In the corner gallery of the Elisabet Ney Museum, once home to the eponymous Ney, herself an Austin woman and artist, the first FotoATX presents a show featuring Austin women as both subject and artist. "Austin Women by Austin Women" explores what being a woman in modern Austin looks like. Photographers Ave Bonar, Amalia Díaz, Christa Blackwood, Hannah Neal, and Erica Wilkins display technical proficiency across the spectrum of the medium, offering everything from digital portraiture to ethereal bromoil prints to photogravures.
Neal and Blackwood inject a sense of mythology into the Austin woman. Neal uses early 20th century Pictorialistic techniques and processes to capture local artists as glamorous characters in a hazy atmosphere. The bromoil prints beguile viewers with soft focus and dramatic lighting, allowing the atmosphere and textures of her images to develop in turn an airy and then a sumptuous presence. Pulling from her Left Bank series, Neal pays tribute to the history of photography and artistry writ large in her stylized rendering of poised artists and dancers.
For her part, Blackwood presents the Austin woman dissected. Her two sets of images, one composed of four tintypes in sharp-contrast black and white and another of three lovely encaustic photogravures in a softer pink gradient, are distinct but stylistically characteristic of Blackwood and her exploration of gender, here anatomized in close crops of her subjects.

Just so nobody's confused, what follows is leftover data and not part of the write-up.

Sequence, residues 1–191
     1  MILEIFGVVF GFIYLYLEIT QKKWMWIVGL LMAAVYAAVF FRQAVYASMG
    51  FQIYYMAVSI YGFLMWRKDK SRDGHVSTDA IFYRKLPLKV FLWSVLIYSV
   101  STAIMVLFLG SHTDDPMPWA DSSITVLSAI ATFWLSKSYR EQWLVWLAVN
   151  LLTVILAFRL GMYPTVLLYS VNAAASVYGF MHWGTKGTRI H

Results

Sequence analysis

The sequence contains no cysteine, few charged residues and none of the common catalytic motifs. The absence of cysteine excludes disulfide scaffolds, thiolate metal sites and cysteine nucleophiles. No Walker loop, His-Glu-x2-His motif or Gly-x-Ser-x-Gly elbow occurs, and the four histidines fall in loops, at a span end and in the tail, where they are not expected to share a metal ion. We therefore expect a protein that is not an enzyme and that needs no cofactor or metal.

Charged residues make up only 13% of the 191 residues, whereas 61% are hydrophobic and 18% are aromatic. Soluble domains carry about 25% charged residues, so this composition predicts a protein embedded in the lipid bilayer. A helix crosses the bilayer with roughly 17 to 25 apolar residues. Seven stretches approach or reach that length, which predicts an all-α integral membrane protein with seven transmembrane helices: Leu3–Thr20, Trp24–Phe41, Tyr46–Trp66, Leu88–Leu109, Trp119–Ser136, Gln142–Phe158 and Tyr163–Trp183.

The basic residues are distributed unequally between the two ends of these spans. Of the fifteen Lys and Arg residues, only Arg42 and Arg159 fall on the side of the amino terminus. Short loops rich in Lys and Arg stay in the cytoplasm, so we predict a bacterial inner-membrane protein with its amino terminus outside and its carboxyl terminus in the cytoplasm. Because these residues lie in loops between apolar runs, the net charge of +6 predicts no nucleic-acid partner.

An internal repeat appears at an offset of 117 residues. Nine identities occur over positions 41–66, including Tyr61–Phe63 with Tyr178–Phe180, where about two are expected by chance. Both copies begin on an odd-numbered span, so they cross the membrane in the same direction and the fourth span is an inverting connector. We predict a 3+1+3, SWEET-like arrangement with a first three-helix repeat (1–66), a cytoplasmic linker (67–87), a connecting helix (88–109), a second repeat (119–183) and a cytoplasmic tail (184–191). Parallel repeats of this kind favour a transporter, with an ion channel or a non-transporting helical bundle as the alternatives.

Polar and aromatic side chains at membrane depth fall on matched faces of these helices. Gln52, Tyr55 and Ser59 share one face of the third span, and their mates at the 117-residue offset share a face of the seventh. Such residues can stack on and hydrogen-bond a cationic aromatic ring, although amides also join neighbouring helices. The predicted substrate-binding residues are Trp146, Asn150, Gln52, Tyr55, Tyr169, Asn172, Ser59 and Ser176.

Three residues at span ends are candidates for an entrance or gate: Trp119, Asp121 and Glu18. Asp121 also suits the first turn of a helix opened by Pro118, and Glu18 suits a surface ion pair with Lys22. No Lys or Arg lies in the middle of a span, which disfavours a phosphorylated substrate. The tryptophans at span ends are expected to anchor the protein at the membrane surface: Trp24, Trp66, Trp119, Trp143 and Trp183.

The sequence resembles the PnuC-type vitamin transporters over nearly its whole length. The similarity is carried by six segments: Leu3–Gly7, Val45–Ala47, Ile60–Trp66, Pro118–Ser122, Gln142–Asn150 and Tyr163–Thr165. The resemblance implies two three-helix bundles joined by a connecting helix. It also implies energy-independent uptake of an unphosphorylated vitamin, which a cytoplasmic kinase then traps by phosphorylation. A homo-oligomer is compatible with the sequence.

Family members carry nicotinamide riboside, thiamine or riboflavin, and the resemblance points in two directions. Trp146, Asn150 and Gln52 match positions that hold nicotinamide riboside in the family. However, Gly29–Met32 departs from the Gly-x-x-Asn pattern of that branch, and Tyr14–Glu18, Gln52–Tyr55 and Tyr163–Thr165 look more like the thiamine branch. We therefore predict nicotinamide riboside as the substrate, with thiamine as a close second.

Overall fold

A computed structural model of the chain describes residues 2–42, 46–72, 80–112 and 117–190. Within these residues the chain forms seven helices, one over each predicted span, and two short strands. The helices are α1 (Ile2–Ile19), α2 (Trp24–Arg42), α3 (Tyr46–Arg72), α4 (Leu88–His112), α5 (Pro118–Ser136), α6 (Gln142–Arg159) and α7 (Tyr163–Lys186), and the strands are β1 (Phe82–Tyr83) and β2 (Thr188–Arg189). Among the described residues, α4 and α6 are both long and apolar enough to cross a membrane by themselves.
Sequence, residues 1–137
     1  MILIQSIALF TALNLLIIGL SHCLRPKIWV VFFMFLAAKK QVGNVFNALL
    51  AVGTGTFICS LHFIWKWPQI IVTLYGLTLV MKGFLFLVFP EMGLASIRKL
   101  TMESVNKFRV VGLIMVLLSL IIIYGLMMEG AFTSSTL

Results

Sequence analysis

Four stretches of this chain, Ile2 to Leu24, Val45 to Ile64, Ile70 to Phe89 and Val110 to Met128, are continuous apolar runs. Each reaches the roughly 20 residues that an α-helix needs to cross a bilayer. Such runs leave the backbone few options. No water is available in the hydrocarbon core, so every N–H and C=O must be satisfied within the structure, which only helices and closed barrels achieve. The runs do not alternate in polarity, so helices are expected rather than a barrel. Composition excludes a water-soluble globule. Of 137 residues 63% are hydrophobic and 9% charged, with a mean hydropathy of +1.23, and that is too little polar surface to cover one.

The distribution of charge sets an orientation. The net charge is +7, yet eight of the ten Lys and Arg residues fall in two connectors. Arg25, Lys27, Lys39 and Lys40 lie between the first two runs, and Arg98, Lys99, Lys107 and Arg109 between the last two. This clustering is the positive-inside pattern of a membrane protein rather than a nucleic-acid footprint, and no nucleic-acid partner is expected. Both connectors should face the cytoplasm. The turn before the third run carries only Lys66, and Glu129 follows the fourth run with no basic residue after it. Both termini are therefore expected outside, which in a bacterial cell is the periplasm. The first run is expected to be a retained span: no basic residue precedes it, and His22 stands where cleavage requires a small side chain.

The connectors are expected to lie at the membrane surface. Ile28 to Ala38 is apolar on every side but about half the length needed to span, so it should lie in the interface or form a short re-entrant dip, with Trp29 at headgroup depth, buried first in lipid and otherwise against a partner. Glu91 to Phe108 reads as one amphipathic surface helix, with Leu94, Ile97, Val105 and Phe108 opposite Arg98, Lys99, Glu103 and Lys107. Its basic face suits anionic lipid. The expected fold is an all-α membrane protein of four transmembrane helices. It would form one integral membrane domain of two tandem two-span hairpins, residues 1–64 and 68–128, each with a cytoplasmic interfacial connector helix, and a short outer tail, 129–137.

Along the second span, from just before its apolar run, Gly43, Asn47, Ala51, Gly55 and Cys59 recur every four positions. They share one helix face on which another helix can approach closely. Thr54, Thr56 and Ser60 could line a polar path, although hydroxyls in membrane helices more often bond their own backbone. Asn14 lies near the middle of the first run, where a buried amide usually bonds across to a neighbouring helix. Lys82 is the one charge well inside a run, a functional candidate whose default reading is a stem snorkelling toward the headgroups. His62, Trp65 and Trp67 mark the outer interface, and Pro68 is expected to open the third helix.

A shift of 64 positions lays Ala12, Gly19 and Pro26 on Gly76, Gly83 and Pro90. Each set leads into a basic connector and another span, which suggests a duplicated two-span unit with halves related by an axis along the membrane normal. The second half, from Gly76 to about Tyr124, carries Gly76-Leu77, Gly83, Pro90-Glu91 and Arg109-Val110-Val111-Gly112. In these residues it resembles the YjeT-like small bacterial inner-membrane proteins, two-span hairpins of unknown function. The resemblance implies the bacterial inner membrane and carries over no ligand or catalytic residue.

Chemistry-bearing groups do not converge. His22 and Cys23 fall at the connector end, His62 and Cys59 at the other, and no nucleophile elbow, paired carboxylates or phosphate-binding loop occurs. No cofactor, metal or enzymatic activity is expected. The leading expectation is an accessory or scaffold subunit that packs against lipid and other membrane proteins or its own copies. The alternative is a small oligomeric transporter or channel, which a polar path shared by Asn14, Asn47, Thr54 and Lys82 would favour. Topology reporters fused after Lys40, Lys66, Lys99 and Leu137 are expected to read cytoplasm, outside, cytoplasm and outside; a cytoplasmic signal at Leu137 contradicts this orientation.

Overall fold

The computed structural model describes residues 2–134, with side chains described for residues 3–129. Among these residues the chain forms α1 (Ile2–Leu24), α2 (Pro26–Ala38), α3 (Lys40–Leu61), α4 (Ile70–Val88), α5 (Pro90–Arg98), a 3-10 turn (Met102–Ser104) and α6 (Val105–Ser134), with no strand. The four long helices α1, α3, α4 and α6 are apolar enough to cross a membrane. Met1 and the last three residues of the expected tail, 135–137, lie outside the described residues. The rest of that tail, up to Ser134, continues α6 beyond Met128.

Wilkins contributes photographs from her series And Feminist, which bills itself as "a neutral, nonconfrontational collection of environmental portraits that humanizes the label." The project endeavors to offer a broader visual presentation of what feminists may look like and simultaneously identify as. While it is personally more difficult to conceptualize a project being at once neutral, nonconfrontational, and feminist than a person being at once a "Human, Texan, and Feminist" or "Shop Owner, Mother, and Feminist," per the titles, anyone struggling with the latter set is appeased by the warm, smiling portraits.
Circling the show counterclockwise leaves the best for last. Díaz's four digital photographs peek into the rituals of women around Austin and how the changing landscape of the city has affected these rituals. The images themselves are thoughtfully composed and beautifully rendered in black and white: a stone-faced woman sitting arms crossed in the beauty chair; the back of a woman, her hands up adjusting a towel around her hair; a barista gazing out of the frame; a mother in profile, nestling her baby close to her. As the images suggest and the program confirms, the wistful nature of the images reflects somber realities. The stories are familiar to some degree – the disappearance of a black-owned beauty parlor, the barista who left Austin for California, the family who lost their home in the Cactus Rose Mobile Home Park to condo development – but the resilient vulnerability Díaz captures in the women's faces and posture is extraordinary.
If the show feels at times a bit disjointed or even slightly embarrassing, well, that is part of being a woman in Austin, Texas. But so, too, is the beauty, passion, creativity, grace, and resilience on display.
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